Look, I could go on. Suffice it to say, this story amounts to Angel coming back, Tess finally getting revenge on the man who ruined her and death for our heroine beneath the pagan monuments of Stonehenge. I gotta say, if you have to die, Stonehenge is the most rock n' roll place to do it, so we can give the book that.

Actually, I can give the book it's most important element, and that's Tess herself. Start to finish, I liked her. She's smart and fiery and ultimately, a very principled person. That wasn't to say she lacked flaws either. Hardy never cheapened the story by making her perfect. But she was a pure woman, faithfully presented. We were very different people, but I empathized with her tremendously. I wished the world had been kinder to her, yet at the same time, I admired Hardy's unflinching portrayal of her life. It was like Hardy took a look at the way poor women were treated and abused around him and went, "wow, that sucks. I should write a book about this." Not many men of his time would have seen the world so sympathetically through the eyes of a girl like Tess.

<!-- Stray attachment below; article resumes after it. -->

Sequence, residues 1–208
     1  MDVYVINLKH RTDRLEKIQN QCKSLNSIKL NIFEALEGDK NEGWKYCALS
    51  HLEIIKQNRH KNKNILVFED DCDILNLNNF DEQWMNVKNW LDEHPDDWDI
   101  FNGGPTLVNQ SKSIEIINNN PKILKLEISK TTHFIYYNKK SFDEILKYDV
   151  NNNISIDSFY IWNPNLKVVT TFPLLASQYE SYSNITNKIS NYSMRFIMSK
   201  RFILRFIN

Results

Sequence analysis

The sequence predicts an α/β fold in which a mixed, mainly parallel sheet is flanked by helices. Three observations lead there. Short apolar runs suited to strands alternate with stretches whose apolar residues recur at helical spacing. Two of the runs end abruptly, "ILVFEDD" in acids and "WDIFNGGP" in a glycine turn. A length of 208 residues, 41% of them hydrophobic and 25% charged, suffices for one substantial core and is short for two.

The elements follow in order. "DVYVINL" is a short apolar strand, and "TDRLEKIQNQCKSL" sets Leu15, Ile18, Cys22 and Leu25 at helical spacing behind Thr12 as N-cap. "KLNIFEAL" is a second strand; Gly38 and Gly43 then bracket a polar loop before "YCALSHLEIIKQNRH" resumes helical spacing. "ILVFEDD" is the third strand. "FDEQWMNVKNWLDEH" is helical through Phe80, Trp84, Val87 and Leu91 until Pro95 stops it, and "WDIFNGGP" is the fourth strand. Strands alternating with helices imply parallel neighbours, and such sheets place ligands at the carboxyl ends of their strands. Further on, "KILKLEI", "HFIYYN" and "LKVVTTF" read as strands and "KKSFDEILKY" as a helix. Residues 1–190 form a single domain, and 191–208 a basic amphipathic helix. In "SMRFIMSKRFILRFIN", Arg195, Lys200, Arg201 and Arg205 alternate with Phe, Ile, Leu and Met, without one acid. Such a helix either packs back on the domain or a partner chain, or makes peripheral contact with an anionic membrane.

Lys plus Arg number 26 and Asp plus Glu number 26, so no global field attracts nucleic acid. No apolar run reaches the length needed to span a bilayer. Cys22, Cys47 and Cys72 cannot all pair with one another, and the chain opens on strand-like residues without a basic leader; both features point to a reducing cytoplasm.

The problem is, there is another main character in this novel who is not Tess and his name is Angel Clare and he is the biggest nose wipe in the history of literature. Like, I just opened the Wikipedia page to double check a few details in this post and went "For the love of milk! WHY IS ANGEL SO HORRIBLE????" I'd forgotten about the part where, on their wedding night, he confessed to also not being a virgin. And yes, he still proceeds with the abandonment because he's not going to tolerate this non-virgin nonsense in his wife. (Remember, too. Because rape.) HA! WOW! What an upstanding citizen!!! No wonder our heroine loves him!!!!!